India Primary Education

Generally, the rates of enrollment for students in primary education India are increased. From 1991 until now the number of students enrolled in school in India is higher than average compared to other regions, although they are still lower than students in China. Students in secondary and tertiary education are not as high as in other regions. Tertiary education will ultimately result in the highest levels of achievement for youths in India, and may be the highest goal for Indian youth, particularly those that want to advance. However at minimum, secondary enrollment may be beneficial for students that want to gain business positions of upper status within the country. Statistics right now suggest that 96 percent of children attending school will complete their primary education. Literacy rates are at 62.8 percent for adults, but up to 81.1 percent for youths.

Other important statistics include the GDP per capita, which is 3.650, and the growth rate percent which is currently at 6.3 percent. Currently more consumers, particularly youths, are becoming exposed to technologies from abroad and those in different sectors and from the international media. This is inspiring a desire for youths to do more and experience more, whether by way of travel or by careers and business. More people in India want the opportunity to purchase goods and services from retailers. To do that more Indian consumers, including youths, want the means to do that, via jobs. Business opportunities are abounding as new businesses are opening in response to consumer demands for new technologies and products, influenced by globalization and a desire to experience more. Foreign direct investment has also impacted India as a result of globalization.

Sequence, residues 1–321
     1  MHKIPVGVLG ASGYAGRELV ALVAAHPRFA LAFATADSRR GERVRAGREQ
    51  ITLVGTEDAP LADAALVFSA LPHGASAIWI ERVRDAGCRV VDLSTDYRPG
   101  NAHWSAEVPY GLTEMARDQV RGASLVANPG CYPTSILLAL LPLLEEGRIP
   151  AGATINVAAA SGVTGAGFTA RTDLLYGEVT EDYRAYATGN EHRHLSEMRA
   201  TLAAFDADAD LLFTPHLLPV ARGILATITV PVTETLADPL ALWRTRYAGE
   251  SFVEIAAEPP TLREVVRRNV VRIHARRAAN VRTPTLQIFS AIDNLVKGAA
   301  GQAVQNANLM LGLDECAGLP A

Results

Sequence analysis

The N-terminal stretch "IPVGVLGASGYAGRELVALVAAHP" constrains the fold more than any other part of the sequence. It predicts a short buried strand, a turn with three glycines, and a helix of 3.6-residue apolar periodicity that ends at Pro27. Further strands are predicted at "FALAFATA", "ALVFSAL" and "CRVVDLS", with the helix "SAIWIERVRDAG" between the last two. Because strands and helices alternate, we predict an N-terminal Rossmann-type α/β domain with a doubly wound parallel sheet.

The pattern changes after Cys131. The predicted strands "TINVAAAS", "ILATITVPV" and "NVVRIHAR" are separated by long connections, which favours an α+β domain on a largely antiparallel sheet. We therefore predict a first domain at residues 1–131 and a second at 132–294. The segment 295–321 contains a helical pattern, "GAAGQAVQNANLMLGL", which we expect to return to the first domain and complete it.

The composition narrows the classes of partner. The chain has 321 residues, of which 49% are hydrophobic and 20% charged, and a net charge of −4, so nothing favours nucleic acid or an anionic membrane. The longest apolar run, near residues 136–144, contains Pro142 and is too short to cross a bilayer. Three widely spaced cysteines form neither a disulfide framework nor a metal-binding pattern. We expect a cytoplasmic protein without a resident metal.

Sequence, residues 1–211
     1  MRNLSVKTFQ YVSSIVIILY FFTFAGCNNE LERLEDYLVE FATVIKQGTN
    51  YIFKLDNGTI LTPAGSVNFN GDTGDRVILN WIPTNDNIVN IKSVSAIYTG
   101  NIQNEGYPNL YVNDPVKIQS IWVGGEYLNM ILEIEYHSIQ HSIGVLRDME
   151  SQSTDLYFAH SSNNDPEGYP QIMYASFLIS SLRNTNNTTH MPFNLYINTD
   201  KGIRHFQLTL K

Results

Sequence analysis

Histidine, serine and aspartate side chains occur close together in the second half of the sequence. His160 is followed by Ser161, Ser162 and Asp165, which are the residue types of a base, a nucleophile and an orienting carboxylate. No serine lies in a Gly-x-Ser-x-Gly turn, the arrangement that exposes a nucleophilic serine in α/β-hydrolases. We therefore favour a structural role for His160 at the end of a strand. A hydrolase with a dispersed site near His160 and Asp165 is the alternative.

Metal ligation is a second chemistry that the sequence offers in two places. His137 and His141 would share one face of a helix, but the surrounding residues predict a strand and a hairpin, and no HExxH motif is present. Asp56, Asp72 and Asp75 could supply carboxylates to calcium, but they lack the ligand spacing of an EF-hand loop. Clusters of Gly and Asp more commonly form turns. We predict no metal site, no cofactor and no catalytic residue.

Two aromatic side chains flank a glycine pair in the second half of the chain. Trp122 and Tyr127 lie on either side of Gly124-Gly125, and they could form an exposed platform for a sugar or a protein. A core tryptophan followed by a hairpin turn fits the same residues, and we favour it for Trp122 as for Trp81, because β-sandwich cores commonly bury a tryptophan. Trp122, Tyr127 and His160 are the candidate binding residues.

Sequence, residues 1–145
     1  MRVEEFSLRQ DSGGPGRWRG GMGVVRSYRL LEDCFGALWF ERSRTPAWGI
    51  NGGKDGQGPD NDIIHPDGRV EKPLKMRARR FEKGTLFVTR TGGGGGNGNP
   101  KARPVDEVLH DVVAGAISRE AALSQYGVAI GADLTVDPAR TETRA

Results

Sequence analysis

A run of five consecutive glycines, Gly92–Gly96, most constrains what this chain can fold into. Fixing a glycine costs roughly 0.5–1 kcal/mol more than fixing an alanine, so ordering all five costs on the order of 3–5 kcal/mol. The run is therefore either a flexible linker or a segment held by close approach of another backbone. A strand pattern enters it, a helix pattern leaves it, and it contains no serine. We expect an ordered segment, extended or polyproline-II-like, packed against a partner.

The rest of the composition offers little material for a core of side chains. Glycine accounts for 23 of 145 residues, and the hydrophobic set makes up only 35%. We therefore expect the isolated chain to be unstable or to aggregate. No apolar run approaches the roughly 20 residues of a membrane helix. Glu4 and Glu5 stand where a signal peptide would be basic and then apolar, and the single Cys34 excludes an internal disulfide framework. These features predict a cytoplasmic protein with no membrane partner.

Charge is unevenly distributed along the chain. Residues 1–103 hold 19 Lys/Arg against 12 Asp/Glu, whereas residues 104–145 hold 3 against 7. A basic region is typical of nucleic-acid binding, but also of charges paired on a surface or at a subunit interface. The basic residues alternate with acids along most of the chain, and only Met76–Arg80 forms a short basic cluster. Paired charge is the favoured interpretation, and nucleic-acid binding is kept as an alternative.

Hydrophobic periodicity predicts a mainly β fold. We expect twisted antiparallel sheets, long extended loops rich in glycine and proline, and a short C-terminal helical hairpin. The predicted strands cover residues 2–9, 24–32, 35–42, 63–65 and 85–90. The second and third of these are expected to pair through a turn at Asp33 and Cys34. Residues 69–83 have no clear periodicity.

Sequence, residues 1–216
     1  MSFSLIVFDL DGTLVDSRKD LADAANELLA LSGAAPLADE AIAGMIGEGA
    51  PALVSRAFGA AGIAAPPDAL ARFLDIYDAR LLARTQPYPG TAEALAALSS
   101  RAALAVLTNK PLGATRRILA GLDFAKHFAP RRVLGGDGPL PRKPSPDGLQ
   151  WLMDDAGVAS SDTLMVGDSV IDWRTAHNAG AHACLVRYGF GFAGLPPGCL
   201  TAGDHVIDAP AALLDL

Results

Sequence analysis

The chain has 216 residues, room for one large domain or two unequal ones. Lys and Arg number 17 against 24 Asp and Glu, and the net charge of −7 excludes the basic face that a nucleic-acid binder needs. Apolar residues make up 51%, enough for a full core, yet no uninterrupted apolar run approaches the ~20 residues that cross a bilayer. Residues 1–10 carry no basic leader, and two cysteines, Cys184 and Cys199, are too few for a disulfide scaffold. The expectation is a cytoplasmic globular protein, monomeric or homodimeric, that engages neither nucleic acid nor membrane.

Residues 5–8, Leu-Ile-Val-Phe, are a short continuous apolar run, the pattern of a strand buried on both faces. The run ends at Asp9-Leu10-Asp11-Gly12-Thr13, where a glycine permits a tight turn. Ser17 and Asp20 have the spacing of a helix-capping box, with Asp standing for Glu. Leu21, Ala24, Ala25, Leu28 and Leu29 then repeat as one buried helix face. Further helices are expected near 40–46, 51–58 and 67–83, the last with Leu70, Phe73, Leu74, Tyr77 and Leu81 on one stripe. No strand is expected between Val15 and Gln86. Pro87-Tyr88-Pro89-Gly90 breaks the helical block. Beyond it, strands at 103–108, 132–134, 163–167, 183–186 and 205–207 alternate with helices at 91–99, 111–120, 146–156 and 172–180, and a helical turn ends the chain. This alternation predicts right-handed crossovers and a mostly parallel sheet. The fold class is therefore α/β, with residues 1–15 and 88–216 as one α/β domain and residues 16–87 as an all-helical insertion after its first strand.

In 1998, India’s economy was at just over 1700.00 billion accounting for 5 percent of the world’s income. In the modern globalized economy India’s economy has risen to over 3300 billion, account for over 6 percent of the world income, and is expected to rise considerably in the future. Much of this depends on the place that India takes in the global market and with regard to its business practices. While India is currently the largest in the world with regard to Purchasing Power, it may become the third depending on what takes place during the next two decades. There are visible, contrasting issues to consider in India despite its rapid, growing economy however, including the rampant poverty that India has to overcome. There is still a large majority of individuals in India living in poverty. UNESCO and World Bank place the poverty rate as high as 69 percent in some regions (2011) while other statistics place the poverty rate at 26 percent. Regardless there is a disparity or gap between those that have and those that do not. Much of the population still derives a large portion of its income from agriculture. There is still not adequate healthcare among the poor and the general population. There is still not adequate infrastructure within much of India to support big business projects that could help stabilize the economy. All of these features may be considered roadblocks to India’s progress in the modern world of globalization.